The wind is so strong on the first col, it eats the snow away and blows my hat over the edge. We take off our skis and climb a steep chimney. The Italians are in front of us again. They all have crampons on their boots. All we have are twenty-year-old worn-out toes on our Scarpas. We balance on a half inch of ice each step for six hundred vertical feet. The wind gusts to forty miles per hour and throws me off balance. I’m holding my skis over one shoulder and both poles in the other hand. I show Mohammad the crampons on the other climbers’ feet. He shrugs and continues on.
Up here is where the ghosts come back. I think about family and friends, dead and alive. I see vivid images of their faces. There’s nothing else up here. Just wind and ice and a half inch of life I’m clinging to with each step. It’s part of the chore, facing the ghosts, and it’s part of the reward, too. Because when we make it to the summit, it’s not just the top of a mountain. It’s a rebirth.
We can see the whole High Atlas and Anti-Atlas ranges from the top, brown-and-white peaks scratching the blue sky all the way to the Atlantic. It’s blowing forty-five miles per hour now and we have to kneel to take our skins off. “Bravo!” the Italians yell, then skate to a couloir leading down the northeast face. Mohammad skis straight down the icy bootpack and I follow him for a bit, then take my own route down a skinny couloir.
The slot is rocky and steeper than it looked from below. The first two turns on the forty-five-degree slope are soft, though, and slough runs down the fall line. It feels good right away and I link two more, then six more, then twelve. I let out a yell—working the mountain every turn, dropping down the chute that must be near-vertical in the summer.
Mohammad appears across the valley and waves his arms. I cut left at the bottom of the chute and get another thousand vertical on a gentle powder slope. There’s a firm base beneath the new snow, but it’s soft enough to set an edge in. Wispy contrails soar behind as I link each arc. I’m out of breath; snot runs from my nose. I can hardly breathe, but I can’t stop. When I make it to the skin track, Mohammad is gone.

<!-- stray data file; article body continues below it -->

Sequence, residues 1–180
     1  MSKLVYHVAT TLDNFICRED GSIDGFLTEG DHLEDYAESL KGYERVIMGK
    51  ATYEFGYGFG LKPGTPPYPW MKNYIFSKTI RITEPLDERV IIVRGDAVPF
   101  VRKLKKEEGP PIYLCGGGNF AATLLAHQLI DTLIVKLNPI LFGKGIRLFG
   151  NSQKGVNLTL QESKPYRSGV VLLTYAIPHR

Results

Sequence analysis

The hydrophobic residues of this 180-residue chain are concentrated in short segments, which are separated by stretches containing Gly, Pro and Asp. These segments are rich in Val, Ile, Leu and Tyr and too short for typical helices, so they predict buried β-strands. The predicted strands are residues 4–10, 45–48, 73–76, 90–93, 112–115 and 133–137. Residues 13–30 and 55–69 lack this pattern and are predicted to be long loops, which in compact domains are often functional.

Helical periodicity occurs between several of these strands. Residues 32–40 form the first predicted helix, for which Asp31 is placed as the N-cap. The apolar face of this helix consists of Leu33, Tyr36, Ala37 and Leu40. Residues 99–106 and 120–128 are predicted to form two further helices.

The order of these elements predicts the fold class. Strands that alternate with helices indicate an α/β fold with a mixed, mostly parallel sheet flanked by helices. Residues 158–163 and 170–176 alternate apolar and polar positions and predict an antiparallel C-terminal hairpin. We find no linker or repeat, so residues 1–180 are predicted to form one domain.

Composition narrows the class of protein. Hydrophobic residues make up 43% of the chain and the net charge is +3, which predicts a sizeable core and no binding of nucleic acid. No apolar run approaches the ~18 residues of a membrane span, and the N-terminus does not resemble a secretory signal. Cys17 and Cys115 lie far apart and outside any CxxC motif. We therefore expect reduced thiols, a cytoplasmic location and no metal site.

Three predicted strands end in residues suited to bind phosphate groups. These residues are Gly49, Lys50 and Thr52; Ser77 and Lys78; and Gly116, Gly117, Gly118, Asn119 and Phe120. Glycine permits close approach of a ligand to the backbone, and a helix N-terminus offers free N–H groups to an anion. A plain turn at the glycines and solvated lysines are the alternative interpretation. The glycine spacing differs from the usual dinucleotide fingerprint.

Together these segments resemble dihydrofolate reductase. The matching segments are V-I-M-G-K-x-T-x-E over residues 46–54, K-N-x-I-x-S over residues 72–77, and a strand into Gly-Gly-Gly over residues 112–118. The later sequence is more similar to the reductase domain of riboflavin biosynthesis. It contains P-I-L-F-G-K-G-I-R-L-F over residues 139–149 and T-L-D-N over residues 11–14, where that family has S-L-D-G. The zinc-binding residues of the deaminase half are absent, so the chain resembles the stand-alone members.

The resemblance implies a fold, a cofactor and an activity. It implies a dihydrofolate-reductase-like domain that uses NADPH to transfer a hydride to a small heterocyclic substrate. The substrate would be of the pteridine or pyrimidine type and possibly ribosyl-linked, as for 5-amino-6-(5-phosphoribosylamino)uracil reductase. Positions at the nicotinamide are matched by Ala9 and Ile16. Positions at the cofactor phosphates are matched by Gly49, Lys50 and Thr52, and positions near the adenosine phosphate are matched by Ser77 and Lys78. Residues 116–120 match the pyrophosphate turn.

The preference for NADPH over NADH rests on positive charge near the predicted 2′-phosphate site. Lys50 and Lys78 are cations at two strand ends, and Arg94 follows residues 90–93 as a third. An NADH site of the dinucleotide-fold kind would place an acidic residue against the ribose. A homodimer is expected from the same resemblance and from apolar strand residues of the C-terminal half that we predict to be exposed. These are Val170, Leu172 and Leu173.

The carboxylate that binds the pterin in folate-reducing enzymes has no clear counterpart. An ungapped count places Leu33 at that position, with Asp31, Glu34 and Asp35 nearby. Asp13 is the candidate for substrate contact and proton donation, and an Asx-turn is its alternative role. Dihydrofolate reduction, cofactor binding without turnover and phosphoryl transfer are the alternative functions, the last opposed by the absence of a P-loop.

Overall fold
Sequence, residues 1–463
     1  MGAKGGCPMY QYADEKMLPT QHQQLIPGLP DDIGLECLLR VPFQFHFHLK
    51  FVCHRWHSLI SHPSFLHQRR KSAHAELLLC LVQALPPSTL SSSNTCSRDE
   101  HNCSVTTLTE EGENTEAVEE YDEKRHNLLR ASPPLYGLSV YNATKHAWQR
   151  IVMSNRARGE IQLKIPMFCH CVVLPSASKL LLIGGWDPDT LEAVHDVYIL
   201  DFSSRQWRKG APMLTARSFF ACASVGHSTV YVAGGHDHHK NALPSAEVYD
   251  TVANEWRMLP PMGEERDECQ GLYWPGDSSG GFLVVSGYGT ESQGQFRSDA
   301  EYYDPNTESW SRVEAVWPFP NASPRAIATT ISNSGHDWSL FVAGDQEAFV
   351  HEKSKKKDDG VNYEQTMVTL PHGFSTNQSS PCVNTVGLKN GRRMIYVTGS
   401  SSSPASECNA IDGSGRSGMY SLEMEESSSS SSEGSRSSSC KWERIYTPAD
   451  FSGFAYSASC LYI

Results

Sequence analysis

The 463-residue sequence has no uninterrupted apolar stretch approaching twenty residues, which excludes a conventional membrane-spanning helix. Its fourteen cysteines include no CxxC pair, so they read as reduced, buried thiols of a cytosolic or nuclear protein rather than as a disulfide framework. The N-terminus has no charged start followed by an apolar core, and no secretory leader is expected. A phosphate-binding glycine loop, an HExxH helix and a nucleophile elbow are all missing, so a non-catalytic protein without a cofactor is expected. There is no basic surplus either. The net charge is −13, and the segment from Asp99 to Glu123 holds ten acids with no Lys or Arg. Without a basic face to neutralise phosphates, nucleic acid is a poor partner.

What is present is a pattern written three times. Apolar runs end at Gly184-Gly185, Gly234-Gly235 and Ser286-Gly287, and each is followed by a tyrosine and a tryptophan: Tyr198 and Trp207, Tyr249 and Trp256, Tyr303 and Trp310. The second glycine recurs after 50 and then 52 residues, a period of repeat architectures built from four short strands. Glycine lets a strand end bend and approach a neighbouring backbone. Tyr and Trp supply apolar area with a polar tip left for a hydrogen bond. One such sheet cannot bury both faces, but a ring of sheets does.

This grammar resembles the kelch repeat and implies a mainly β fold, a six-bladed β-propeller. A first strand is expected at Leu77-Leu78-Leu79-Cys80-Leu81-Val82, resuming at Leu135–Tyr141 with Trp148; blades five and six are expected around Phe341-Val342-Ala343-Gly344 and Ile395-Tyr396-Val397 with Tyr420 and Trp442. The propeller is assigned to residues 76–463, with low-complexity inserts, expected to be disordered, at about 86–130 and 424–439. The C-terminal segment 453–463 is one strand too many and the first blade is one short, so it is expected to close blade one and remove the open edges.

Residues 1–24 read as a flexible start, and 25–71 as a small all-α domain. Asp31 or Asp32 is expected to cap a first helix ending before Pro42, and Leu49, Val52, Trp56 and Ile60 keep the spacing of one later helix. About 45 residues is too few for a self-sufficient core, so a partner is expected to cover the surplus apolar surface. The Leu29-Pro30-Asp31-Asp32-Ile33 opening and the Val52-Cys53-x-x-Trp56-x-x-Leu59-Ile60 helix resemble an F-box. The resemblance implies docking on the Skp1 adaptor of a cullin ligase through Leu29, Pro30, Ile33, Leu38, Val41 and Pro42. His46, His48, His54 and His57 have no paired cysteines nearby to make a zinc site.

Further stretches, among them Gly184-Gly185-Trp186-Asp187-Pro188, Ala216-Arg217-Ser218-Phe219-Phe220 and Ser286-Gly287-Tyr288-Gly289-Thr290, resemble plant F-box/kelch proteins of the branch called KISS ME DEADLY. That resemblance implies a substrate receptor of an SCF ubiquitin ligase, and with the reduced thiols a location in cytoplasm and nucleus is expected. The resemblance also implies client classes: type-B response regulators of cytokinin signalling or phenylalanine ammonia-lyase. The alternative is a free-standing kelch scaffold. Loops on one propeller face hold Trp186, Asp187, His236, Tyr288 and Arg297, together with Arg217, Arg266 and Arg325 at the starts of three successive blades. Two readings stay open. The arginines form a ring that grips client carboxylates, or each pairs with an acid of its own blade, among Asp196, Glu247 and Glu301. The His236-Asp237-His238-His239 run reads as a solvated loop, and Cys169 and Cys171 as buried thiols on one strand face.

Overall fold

I follow the skin track back, looking over my shoulder at the maw, the wind whipping the summit and my tracks winding up the couloir and out of sight. Then I make a few more mellow powder turns to the refuge, take off my skis and climb the stairs to the cold, white bunk room where I dream twenty dreams every night.
It’s time to go. The climbers are gone; skiers are eating breakfast. Everyone in the common room is cold and silent. Sun rains down outside and the wind howls. I’ve been able to see my breath when I eat, sleep and brush my teeth for four days. I haven’t said more than ten words to anyone in almost a week. It’s an odd psychological experiment, this withdrawing, watching, thinking.
We pack up after lunch and head down. Back to the mule station, the orange stand, a piece of fuselage from a Ukrainian plane that crashed in 2002. We pass a shepherd and fifty sheep clambering up the path, then an old man in a djellaba in the floodplain. Closer to the bottom we pass three tourists riding mules. Mohammad waves to the muleteers. I avoid eye contact with the guests—overweight Europeans wearing gold jewelry and holding cameras.
We follow a small concrete aqueduct to Imlil where the vendors are out in force. They sell crystals, carpets, charms and crampons. It’s sickening to see the Berbers reduced to this. We pass them quickly and meet Jamal at a small restaurant. The brothers embrace and catch up on news. We have lunch and when it’s over, I ask Jamal to find me a taxi. He does and I ask the driver to take me south. He asks where, and I tell him I’m not sure. Over the mountains, toward the river. Somewhere far from the snow where I can walk into the desert.
Porter Fox was born in New York and raised on the coast of Maine. His fiction, essays and nonfiction have been published in The New York Times Magazine, The Believer, Powder, Narrative, The Literary Review and Third Coast, among others. He has been anthologized in The Best American Travel Writing, nominated for two Pushcart Prizes and was a finalist for the 2009 Robert Olen Butler Fiction Prize. He recently completed his first collection of short stories and is working on a travel narrative set on the coast of Maine and an anthology of short fiction with poet Larry Fagin. He is also a member of the Miss Rockaway Armada and Swimming Cities art collectives and collaborated on installations on the Mississippi and Hudson rivers, Venice Biennale (2009), Mass MoCA (2008) and New York City’s Anonymous Gallery (2009). “Lost” was first published in Powder magazine.